What's the story behind your Anti Rape Cloak?

The work was created as part of the Sisters of Perpetual Resistance residency in 2015. In this residency we were asked to make an 'object of nuisance' which was inspired by the suffragettes who were patronisingly described as a 'nuisance'. I came up with the cloak as I have had many friends experience sexual assault in some way. Sadly, none of them reported this to the police. I think part of the reason for that was because they felt they were making a fuss or had somehow brought it on themselves. This really upsets me. It's very odd that women are encouraged to be sexy; we are told constantly by the media that our sexiness dictates our value and worth but then if we dress sexily we deserve to be raped. It's a contradiction I can't get my head around. I want people to rethink their views about rape and abuse. No one is ever asking for it. We shouldn't be asking women to cover up, we should be educating people about consent and they should not be raping! I made the cloak and then I took it on an adventure, photographing myself in various places, the Mojave Desert, Las Vegas, a bedroom, a carpark, the subway....

What was the idea behind You Could Have Done This?

I was taking the micky at that particular phrase when people look at art and say, "I could have done that" or "my three year old could have done that". So I was turning it around really, taking ownership of that. When I first showed it, one of the gallery assistants (who was clearly not a fan of the show!) got really drunk at the opening and actually shouted angrily to one of my friends "I could have done that!" in all seriousness, whilst pointing at this piece. It really tickled me.

You recently won funding and mentoring through Sky Academy Arts Scholarships, how has this impacted your work?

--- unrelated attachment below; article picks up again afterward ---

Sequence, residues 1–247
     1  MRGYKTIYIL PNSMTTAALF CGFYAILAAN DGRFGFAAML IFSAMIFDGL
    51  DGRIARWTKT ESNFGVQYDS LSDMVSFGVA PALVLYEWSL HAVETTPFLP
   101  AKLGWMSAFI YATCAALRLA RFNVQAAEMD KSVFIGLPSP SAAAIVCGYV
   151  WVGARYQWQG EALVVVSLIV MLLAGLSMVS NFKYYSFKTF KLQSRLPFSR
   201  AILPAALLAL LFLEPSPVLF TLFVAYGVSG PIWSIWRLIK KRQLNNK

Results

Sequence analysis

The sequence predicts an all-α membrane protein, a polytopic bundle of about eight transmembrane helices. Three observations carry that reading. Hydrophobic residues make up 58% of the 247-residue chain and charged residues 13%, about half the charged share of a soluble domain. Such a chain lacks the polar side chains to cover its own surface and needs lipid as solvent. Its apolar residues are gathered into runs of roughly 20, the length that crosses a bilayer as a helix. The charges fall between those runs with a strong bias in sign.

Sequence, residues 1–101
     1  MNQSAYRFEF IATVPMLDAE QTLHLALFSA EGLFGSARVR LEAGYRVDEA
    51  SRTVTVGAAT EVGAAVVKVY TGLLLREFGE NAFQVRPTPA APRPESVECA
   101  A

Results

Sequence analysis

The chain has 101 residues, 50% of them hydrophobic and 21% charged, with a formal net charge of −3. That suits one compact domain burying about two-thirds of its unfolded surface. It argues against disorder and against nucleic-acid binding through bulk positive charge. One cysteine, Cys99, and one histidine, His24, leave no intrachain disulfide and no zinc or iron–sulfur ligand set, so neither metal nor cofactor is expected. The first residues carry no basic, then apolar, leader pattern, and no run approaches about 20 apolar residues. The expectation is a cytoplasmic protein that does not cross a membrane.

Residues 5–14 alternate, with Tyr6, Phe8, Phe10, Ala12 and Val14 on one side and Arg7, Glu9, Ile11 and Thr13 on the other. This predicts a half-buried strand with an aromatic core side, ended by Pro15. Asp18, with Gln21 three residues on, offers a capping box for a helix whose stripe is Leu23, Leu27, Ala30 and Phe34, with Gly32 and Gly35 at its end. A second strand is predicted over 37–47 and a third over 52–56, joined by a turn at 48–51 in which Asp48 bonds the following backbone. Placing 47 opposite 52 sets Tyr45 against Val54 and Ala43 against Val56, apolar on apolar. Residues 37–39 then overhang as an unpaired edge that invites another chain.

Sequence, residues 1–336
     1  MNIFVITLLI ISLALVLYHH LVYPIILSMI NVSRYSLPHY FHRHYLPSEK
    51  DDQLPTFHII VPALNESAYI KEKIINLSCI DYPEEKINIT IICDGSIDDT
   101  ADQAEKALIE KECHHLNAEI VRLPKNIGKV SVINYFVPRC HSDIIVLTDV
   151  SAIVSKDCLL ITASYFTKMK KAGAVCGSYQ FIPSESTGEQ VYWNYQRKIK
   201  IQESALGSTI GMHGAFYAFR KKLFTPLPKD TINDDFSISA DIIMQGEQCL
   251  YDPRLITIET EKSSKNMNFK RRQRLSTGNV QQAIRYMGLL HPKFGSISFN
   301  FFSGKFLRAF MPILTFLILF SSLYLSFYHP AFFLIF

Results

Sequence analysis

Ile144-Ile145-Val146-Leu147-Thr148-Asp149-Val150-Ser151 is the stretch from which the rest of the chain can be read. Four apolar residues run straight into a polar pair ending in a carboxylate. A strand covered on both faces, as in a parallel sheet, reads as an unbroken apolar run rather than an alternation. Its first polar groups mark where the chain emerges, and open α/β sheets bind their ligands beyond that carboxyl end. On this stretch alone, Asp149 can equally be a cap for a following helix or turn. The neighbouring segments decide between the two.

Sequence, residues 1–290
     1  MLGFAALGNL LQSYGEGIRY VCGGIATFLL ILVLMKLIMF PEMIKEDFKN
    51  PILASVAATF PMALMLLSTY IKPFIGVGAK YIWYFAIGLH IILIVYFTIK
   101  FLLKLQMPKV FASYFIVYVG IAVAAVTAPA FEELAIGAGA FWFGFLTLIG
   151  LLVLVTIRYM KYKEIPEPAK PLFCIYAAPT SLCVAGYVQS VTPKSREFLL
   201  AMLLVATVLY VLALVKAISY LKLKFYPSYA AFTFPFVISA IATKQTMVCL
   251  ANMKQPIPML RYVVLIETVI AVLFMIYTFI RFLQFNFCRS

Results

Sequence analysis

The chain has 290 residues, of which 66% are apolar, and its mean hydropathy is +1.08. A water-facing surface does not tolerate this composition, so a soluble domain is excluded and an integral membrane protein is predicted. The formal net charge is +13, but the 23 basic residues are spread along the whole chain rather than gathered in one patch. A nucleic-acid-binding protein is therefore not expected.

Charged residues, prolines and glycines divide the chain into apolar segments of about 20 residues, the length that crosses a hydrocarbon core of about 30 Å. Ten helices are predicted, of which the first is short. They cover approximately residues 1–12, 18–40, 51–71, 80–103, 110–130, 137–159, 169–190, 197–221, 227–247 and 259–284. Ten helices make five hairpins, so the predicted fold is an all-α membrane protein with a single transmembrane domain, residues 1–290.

The mentoring has been amazing, it's great to feel like I have people to turn to in terms of professional advice and feedback on my work in progress. Money also gives you so much freedom and it's just one thing I don't have to think about for a while, I can make exactly what I want.

What can we expect from your I Disagree With What You Say exhibition?

There will be a return to provocation; I feel much more empowered to say the things I want to say. The show is inspired by the reaction against my 2008 exhibition, which focused on my Islamic upbringing. People ended up attacking the gallery, a window was smashed and I had death threats. At the time I maintained I was strong and would never back down from saying what I felt needed to be said. However, I have not focused on my Muslim upbringing since. When the Charlie Hebdo attacks happened, I wondered if I had somehow subconsciously censored myself all those years. I am also interested in how feminists are silenced online when they get death and rape threats. This is something I am focusing on in the show, I have been doing a lot of research about freedom of speech and I'm really excited to make this new work. There will be some interactive art, performance, painting and photography. The show will be later this year and the dates will be up on my website soon.

What are your plans for the future?

At the moment I am working on the new show, I am doing a performance at The Other Art Fair in April and I am working on a commission for the Tate in May. After that I would love to do another artist residency.

www.sarahmaple.com